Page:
At the other end of the scale, on Príncipe I came across white wine mixed with Sprite. Wine is usually sold by the bottle (garrafa); it’s difficult to get wine by the glass (copo) and that combined with the hot humid climate turned me into a dedicated Sagres drinker. Aguardente (from agua ardente, ‘burning water’) is made of sugarcane, as is Gravana rum, and if you come across an artisanal distillery, you can see it being produced and buy some cheaply. Locals often drink the hardhitting cheap cacharamba gin-style firewater. Less commonly available is ponche, a basic cocktail made from aguardente and honey; other versions are made with white rum, quinine leaves and lemon. Mé-Zóchi is a sweet liqueur (43%) that comes in various flavours such as orange (laranja), cajamanga and pineapple (ananas). Cocoa liqueur is a popular newcomer and miniatures make a nice souvenir, but few shops sell them.

The national drink, however, is palm wine. Vinho de palma, or vim pema in creole, comes in three qualities; the purest, most undiluted variety is made at high altitude, decreasing in quality the closer to town you get. Buy a small bottle (sealed with a bit of twisted palm leaf or newspaper) from a street stall for around 500$ or, even better, buy some straight off a palm wine worker in the forest. Bring your own container/thermos cap, as the sawn-off mineral water bottles or beer cans used can be pretty filthy. The wine ferments during the day. In the morning, it is like milk (doce, sweet); the longer the liquid ferments, the more acidic it becomes, turning into what is called ussua. Come night, a cork will come flying out of the bottle, champagne-style, and the increased alcohol content makes it more explosive, too. Unfortunately, alcoholism is a growing problem on the islands, in the wake of a degradation of living conditions and loss of trust in the future over the past decade.

On Príncipe (apart from places like Bom Bom), coffee means a pot of the local earthy brew. Unfortunately, few hotels and cafés actually serve Santomean coffee, but you can always try and ask for local coffee (cafe de ca).

Don’t be surprised if your waiter/waitress asks whether you want them to open your drink (posso abrir?). The reason for this cautious approach is to reassure the customer that the bottle hasn’t been tampered with. In the past there have been cases of poisoning on the island when romantic scores or workplace grievances needed to be settled; tourists were never involved. Soft drinks all go by the same local name here: ‘Sumol’ (passionfruit, orange or pineapple, lemonade, even Coca-Cola sometimes). The main type of juice is mango juice (sumo de manga), imported from Lebanon. If you would like/rather not have ice in your drink, ask for com/sem gelo.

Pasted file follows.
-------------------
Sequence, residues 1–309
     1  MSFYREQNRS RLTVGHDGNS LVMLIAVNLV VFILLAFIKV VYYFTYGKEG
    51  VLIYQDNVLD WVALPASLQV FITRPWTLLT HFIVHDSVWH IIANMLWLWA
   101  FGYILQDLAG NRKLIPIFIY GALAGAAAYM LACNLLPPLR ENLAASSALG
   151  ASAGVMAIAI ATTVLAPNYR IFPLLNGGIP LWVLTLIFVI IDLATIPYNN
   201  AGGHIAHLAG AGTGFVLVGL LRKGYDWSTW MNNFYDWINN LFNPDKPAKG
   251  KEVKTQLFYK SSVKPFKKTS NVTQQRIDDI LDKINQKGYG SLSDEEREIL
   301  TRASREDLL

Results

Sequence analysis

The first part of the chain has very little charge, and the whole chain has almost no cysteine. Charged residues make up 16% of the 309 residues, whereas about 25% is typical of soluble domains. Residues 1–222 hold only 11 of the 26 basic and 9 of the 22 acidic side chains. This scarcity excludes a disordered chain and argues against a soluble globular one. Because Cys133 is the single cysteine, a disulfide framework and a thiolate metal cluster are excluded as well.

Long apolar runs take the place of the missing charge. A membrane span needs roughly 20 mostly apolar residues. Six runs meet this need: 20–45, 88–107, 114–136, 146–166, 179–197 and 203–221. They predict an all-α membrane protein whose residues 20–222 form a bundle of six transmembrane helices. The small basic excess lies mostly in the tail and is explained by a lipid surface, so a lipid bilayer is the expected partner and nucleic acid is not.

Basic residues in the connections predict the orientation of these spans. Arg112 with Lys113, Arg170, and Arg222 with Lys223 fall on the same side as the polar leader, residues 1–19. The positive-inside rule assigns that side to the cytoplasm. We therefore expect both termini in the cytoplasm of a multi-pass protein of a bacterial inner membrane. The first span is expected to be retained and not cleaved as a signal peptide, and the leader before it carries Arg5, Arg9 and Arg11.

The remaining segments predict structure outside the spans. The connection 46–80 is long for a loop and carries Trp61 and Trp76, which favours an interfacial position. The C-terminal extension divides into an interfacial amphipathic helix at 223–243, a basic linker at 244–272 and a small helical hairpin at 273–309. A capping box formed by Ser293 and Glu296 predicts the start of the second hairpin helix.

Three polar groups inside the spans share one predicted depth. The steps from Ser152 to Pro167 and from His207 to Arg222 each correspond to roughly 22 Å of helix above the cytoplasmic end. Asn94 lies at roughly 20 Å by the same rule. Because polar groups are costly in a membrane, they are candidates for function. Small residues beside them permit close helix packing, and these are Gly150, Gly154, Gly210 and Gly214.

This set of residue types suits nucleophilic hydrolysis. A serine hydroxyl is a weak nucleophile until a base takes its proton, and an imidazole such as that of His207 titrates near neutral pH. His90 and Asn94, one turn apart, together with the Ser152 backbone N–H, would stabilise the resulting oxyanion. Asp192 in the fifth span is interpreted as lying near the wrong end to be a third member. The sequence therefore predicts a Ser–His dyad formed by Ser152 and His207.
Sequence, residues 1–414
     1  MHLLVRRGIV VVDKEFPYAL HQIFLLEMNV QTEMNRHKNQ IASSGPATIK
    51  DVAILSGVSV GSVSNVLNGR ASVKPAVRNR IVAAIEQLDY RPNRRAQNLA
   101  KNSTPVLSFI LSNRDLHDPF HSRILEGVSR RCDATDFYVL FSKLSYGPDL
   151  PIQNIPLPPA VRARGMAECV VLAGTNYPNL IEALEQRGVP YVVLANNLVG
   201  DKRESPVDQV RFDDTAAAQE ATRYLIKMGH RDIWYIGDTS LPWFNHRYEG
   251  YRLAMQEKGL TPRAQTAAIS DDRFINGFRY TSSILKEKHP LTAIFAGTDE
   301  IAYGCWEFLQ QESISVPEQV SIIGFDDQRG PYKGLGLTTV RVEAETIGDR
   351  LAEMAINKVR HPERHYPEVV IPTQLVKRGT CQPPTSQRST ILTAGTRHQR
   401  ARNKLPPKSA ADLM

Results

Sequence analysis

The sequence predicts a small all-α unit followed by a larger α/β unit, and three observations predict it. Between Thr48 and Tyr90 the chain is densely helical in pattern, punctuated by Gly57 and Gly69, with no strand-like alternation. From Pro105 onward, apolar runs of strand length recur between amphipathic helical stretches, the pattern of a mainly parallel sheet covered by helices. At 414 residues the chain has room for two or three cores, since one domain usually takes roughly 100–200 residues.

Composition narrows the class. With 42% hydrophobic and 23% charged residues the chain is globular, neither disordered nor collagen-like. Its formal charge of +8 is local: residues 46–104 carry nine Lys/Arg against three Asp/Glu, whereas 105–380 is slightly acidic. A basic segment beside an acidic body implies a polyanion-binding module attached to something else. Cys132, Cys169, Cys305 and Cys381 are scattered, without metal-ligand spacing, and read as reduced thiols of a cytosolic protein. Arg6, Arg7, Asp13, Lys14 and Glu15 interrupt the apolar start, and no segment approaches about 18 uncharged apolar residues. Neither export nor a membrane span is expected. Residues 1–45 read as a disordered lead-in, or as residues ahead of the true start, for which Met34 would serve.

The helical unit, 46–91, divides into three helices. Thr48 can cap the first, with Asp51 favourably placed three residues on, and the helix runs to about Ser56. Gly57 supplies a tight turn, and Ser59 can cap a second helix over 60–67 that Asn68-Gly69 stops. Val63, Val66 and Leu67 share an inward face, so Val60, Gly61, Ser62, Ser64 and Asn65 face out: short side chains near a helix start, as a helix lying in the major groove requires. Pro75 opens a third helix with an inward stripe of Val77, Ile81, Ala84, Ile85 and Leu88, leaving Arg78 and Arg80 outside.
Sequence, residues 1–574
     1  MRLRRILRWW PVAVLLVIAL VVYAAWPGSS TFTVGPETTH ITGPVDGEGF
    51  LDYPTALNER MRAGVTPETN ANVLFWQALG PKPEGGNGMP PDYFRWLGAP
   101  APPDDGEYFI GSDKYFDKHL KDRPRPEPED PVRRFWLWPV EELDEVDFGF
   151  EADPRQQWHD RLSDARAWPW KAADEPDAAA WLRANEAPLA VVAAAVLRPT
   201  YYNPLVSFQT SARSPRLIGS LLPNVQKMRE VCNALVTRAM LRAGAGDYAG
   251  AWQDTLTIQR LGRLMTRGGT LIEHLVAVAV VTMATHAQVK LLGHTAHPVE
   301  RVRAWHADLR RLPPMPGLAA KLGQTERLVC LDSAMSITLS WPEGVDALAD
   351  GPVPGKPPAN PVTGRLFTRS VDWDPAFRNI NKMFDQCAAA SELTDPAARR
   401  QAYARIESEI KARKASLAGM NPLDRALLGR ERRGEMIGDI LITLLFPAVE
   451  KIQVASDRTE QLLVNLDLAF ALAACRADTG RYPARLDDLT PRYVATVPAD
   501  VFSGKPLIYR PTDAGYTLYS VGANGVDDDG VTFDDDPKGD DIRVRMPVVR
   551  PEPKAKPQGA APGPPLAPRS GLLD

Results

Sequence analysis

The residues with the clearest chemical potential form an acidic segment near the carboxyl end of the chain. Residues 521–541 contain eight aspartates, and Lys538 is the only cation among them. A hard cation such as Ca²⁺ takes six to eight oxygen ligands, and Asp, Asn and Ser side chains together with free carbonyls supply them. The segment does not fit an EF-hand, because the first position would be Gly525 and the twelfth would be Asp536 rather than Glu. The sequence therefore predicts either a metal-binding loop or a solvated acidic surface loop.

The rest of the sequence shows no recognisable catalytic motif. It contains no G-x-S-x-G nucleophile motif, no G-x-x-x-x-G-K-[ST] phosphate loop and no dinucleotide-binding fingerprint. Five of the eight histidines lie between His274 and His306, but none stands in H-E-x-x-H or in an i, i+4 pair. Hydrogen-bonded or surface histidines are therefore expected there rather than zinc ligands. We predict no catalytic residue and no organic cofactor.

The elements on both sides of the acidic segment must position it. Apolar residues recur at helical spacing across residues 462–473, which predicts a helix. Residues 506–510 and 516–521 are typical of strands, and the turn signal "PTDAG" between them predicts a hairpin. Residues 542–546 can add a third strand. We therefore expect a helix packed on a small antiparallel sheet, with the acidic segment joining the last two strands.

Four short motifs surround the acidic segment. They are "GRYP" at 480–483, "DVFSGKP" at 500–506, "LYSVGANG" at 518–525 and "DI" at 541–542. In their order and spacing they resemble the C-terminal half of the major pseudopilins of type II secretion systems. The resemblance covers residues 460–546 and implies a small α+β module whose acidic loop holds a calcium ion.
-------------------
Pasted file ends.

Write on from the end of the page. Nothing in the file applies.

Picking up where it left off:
Fresh coconut water is not often sold commercially, but it’s usually easy to ask somebody on the beach to find a green coconut and open it for you. The contents, dawa, is meant to be incredibly healthy, but the slightly sour juice didn’t agree so well with my stomach at least. As for coffee, in Western cafés on São Tomé you can find the range of Portuguese-style variations: café, garroto, carioca. A galao has more milk than coffee (my favourite is a galao escuro, with two shots of espresso, which is like a latte or latte macchiato). On Príncipe (apart from places like Bom Bom), coffee means a pot of the local earthy brew. Unfortunately, few hotels and cafés actually serve Santomean coffee, but you can always try and ask for local coffee (cafe de ca).

Tea (cha) is available in Western hotels/restaurants and in some local places too, often the Lipton brand, and in varieties such as peach or green tea. You can ask for milk (leite) or a lemon (limao) – which here means lime. Chalela or erva de Principe is the local lemongrass tea, lovely! Or you could try asking for a delicious alternative common in Portugal used to treat colds: carioca de limao, hot water with lemon peel.

Coconut palm oil process on Sundy beach in São Tomé and Príncipe by Marco Muscarà, www.marcomuscara.comAn example of the coconut palm oil process on Sundy beach in São Tomé and Príncipe © Marco Muscarà, www.marcomuscara.com 

Accommodation

Accommodation on the islands ranges from a beach shelter made out of palm fronds by your guide and basic dives for €10, through city hotels and restored plantation houses to a five-star resort. Although São Tomé and Príncipe do not have a developed backpacker infrastructure, there is now a great deal of choice for a range of budgets, with new places springing up all over the place. Options include guesthouses in the city, ecocamps, B&B stays with expats, and four- or fivestar international standard hotels and resorts.

The high season is August and the Christmas/New Year period. You shouldn’t need to bring a mosquito net, as it is provided free of charge in nearly all hotel/hostel rooms. However, the nets might have been hanging there for years, losing their permethrin impregnation, so bring a permethrin spray to treat them. When you get to your room, it’s a good idea to check everything is working: that the taps are running and the loo flushing, and that there is toilet paper.

Rate-wise, single travellers get heavily penalised although often the difference in price is very small. If you want to book online, try the www.logitravel.pt website. There is no formal set-up for staying with local families yet, but try Navetur for contacts or guides like Luis Mário Almeida may be able to put you in touch with Santomean families and/or a plantation. Ask around and explain that you want to experience how ‘normal’ Santomeans live, conhecer a vida do dia em dia dos Santomenses; as a guideline, a fair rate to offer for B&B is €20, though you will probably be asked for €25.

You can camp anywhere on public land in the islands (ask for permission for the Obô National Park) but have to bring nearly all your own equipment. Also, in practice, unless you know exactly what you are doing with a compass, etc, it is always better to have a guide. The Navetur agency can arrange tent and sleeping bag hire but you are better off bringing what you need. I’ve found that in the dry season a hammock with mosquito netting and strong poncho-style rain flaps is enough, so you can get away without carrying a tent. If you find yourself stuck, build a shelter from palm fronds. Some travellers staying for longer periods of time choose to rent a cheap room to use as a base, where they leave their stuff while off on camping trips.